considered how a given standard would likely affect the market shares 
of products with efficiencies greater than the standard.
    Issue 26: DOE seeks historical estimated annual energy consumption 
data since the June 2016 Final Rule for battery chargers by product 
class. DOE also seeks historical market share data showing the 
percentage of product shipments by efficiency level for each of the 
product classes to the extent possible.

J. Manufacturer Impact Analysis

    In this early assessment review RFI, DOE seeks data and information 
with respect to manufacturer impacts that could enable the agency to 
determine whether to propose a ``no new standard'' determination 
because a more stringent standard: (1) Would not result in a 
significant savings of energy; (2) is not technologically feasible; (3) 
is not economically justified; or (4) any combination of the foregoing.
    The purpose of the manufacturer impact analysis (``MIA'') is to 
estimate the financial impact of amended energy conservation standards 
on manufacturers of battery chargers, and to evaluate the potential 
impact of such standards on direct employment and manufacturing 
capacity. The MIA includes both quantitative and qualitative aspects. 
The quantitative part of the MIA primarily relies on the Government 
Regulatory Impact Model (``GRIM''), an industry cash-flow model adapted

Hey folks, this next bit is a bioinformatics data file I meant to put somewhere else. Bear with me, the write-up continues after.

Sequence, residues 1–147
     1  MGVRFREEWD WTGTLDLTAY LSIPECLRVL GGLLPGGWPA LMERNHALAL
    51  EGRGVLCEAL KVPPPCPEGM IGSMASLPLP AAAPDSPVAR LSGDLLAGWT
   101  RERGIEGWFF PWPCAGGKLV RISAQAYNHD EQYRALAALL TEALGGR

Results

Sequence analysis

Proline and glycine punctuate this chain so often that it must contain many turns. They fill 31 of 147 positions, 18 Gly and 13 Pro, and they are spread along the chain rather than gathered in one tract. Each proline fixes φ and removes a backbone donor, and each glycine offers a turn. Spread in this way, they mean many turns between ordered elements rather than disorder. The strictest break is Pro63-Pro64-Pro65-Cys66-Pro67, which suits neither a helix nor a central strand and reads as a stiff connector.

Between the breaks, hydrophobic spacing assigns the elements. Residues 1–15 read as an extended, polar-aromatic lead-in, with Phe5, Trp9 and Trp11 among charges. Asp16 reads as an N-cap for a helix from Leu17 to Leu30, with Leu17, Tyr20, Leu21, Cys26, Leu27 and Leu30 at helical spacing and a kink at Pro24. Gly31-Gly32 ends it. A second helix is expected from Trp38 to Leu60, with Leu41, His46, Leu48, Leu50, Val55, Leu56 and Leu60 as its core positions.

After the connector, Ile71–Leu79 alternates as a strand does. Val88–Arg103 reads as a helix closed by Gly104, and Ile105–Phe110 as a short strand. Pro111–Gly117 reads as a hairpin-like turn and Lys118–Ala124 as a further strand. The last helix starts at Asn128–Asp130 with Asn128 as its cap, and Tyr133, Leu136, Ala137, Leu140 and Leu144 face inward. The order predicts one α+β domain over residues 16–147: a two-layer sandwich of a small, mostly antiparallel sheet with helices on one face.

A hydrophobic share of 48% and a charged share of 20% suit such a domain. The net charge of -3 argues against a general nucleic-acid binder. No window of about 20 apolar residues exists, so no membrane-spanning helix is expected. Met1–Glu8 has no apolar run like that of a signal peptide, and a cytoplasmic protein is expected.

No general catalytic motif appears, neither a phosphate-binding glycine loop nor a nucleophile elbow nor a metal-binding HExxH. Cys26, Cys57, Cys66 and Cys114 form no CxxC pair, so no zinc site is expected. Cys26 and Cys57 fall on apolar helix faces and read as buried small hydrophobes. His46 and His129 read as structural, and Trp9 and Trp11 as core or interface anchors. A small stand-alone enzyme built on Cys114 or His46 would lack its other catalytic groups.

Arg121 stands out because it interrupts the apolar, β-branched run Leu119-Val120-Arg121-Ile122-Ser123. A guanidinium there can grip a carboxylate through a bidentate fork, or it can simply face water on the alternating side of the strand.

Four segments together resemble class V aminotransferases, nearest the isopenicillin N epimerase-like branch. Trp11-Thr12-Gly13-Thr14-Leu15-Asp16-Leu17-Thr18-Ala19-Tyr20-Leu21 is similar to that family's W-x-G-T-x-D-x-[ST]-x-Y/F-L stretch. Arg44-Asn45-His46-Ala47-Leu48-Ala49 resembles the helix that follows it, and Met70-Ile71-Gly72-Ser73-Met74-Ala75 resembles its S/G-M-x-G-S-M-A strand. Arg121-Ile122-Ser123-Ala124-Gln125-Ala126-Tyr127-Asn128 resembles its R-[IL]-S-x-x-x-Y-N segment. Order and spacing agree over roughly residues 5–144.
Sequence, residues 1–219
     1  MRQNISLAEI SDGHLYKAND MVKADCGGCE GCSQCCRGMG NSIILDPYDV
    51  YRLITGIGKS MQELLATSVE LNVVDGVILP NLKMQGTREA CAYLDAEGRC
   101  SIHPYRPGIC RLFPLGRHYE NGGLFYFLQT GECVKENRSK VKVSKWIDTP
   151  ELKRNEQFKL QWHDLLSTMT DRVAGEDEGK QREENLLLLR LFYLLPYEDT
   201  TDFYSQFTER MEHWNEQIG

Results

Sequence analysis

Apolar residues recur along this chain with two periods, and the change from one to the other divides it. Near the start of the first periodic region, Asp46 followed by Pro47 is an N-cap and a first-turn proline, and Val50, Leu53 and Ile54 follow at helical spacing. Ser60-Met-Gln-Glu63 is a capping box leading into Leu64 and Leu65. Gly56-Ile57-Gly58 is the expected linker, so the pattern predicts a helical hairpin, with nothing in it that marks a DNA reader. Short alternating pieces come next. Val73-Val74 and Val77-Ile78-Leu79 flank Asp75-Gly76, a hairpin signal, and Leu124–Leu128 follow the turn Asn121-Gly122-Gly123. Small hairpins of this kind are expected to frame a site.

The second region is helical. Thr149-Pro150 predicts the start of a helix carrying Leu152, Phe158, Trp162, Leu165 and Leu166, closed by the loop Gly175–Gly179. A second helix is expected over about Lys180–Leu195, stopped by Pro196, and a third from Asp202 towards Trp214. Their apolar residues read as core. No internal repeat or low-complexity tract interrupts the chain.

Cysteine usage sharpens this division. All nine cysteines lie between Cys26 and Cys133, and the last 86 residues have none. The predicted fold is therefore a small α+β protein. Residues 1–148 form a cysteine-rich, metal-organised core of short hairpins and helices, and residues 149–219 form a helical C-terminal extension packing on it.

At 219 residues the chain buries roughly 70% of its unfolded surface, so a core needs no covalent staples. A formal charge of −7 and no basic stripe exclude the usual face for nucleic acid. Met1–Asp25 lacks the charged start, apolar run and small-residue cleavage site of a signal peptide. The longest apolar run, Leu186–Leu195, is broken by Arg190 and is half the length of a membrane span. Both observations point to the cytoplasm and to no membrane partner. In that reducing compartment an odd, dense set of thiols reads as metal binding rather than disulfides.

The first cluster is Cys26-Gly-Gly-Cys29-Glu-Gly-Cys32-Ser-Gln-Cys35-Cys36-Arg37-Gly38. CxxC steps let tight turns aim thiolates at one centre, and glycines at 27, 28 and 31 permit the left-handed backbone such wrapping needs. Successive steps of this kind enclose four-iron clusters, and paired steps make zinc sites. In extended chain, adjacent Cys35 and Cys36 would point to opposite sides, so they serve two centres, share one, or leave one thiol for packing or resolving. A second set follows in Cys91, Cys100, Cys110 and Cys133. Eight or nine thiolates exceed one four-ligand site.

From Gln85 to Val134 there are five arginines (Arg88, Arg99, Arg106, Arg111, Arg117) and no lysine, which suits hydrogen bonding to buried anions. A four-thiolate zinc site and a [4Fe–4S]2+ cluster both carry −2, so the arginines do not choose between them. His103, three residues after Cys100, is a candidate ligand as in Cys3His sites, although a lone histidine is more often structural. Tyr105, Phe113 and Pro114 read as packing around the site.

for each product in this analysis, with the key output of industry net 
present value (``INPV''). The qualitative part of the MIA addresses the 
potential impacts of energy conservation standards on manufacturing 
capacity and industry competition, as well as factors such as product 
characteristics, impacts on particular subgroups of firms, and 
important market and product trends.
    As part of the MIA, DOE intends to analyze impacts of amended 
energy conservation standards on subgroups of manufacturers of covered 
products, including small business manufacturers. DOE uses the Small 
Business Administration's (``SBA'') small business size standards to 
determine whether manufacturers qualify as small businesses, which are 
listed by the applicable North American Industry Classification System 
(``NAICS'') code.\6\ Manufacturing of consumer battery chargers is 
classified under NAICS 335999, ``All Other Miscellaneous Electrical 
Equipment and Component Manufacturing,'' and the SBA sets a threshold 
of 500 employees or less for a domestic entity to be considered as a 
small business. This employee threshold includes all employees in a 
business' parent company and any other subsidiaries.
---------------------------------------------------------------------------